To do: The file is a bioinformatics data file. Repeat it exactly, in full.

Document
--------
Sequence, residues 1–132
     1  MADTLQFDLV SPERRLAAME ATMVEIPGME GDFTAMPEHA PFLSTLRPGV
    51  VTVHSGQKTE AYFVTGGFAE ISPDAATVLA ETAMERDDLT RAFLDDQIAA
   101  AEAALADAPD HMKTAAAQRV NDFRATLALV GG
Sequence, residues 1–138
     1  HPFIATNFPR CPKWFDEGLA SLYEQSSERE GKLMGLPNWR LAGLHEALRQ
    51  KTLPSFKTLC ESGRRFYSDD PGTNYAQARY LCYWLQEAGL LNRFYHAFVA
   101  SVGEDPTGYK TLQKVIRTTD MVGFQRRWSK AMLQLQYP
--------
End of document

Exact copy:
Sequence, residues 1–132
     1  MADTLQFDLV SPERRLAAME ATMVEIPGME GDFTAMPEHA PFLSTLRPGV
    51  VTVHSGQKTE AYFVTGGFAE ISPDAATVLA ETAMERDDLT RAFLDDQIAA
   101  AEAALADAPD HMKTAAAQRV NDFRATLALV GG
Sequence, residues 1–138
     1  HPFIATNFPR CPKWFDEGLA SLYEQSSERE GKLMGLPNWR LAGLHEALRQ
    51  KTLPSFKTLC ESGRRFYSDD PGTNYAQARY LCYWLQEAGL LNRFYHAFVA
   101  SVGEDPTGYK TLQKVIRTTD MVGFQRRWSK AMLQLQYP